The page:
Two former Bristol-Myers Squibb Co. executives defrauded investors by improperly accounting for $1.5 billion in revenue in 2000 and 2001, the Securities and Exchange Commission said Monday.
Frederick Schiff, former chief financial officer for the No. 5 U.S. drug maker, and Richard Lane, former worldwide medicine group president, paid wholesalers to take on more inventory than they needed, helping the company inflate revenue and sales, the SEC said in a civil complaint filed in federal court for the District of New Jersey. When targets still weren’t met, they transferred funds out of improper reserves, the SEC said.
The buildup of excess inventory created “a material risk” to the company’s future sales and earnings, the SEC said. In March 2003, Bristol-Myers admitted that the improper accounting caused it to overstate net sales by $1.8 billion in 2000 and 2001 and inflate net earnings by $1.4 billion.
Investors lost millions of dollars, and Schiff and Lane profited from salary, bonuses, stock options and other benefits, the agency said.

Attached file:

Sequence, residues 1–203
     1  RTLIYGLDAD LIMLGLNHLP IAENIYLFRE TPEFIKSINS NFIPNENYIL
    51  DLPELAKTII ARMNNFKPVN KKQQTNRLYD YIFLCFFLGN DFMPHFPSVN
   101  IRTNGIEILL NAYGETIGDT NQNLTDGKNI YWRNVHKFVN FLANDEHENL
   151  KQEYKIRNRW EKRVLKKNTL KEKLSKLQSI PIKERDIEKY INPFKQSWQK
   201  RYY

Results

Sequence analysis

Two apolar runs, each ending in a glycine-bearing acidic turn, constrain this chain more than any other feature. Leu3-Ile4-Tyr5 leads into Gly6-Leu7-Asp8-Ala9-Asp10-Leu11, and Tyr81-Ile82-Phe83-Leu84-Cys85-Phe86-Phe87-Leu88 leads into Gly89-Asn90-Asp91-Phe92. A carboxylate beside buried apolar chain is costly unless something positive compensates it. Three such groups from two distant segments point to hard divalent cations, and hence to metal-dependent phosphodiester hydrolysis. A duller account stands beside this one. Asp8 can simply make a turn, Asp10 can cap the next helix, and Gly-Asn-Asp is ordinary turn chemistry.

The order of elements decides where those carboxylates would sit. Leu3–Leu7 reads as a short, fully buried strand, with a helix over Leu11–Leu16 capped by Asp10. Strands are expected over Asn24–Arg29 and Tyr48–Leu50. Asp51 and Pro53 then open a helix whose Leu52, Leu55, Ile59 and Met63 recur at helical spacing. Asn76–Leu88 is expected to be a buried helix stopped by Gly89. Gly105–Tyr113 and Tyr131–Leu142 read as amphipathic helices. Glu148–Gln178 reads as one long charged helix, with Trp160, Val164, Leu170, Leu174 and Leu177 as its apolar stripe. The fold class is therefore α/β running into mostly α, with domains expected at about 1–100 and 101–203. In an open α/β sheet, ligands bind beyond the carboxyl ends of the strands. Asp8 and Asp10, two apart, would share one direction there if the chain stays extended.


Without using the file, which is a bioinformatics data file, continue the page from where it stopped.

“For two years, Schiff and Lane led the market to believe that Bristol-Myers was meeting its financial projections and market expectations, when in fact the company was making its numbers primarily through channel stuffing and manipulative accounting devices,” Merri Jo Gillette, head of the SEC’s Midwest regional office in Chicago, said in a statement.
Schiff, 56, of New York, and Lane, 53, of Doylestown, Pa., also lied to the company’s auditor, PricewaterhouseCoopers, the SEC said.
An attorney for Schiff did not return a call seeking comment. Lane’s attorney disputed the charges.
“The SEC’s civil claims against Richard Lane are simply a rehash of the meritless charges filed some months ago,” said his attorney, Richard Strassberg of law firm Goodwin Procter. “He did nothing wrong, he intends to fight these claims vociferously, and he’ll be vindicated at trial.”
Bristol-Myers spokesman Brian Henry declined to comment. The New York-based company agreed to pay $150 million in 2004 to settle with the SEC and appointed an independent advisor to review and monitor its accounting practices, financial reporting and internal controls.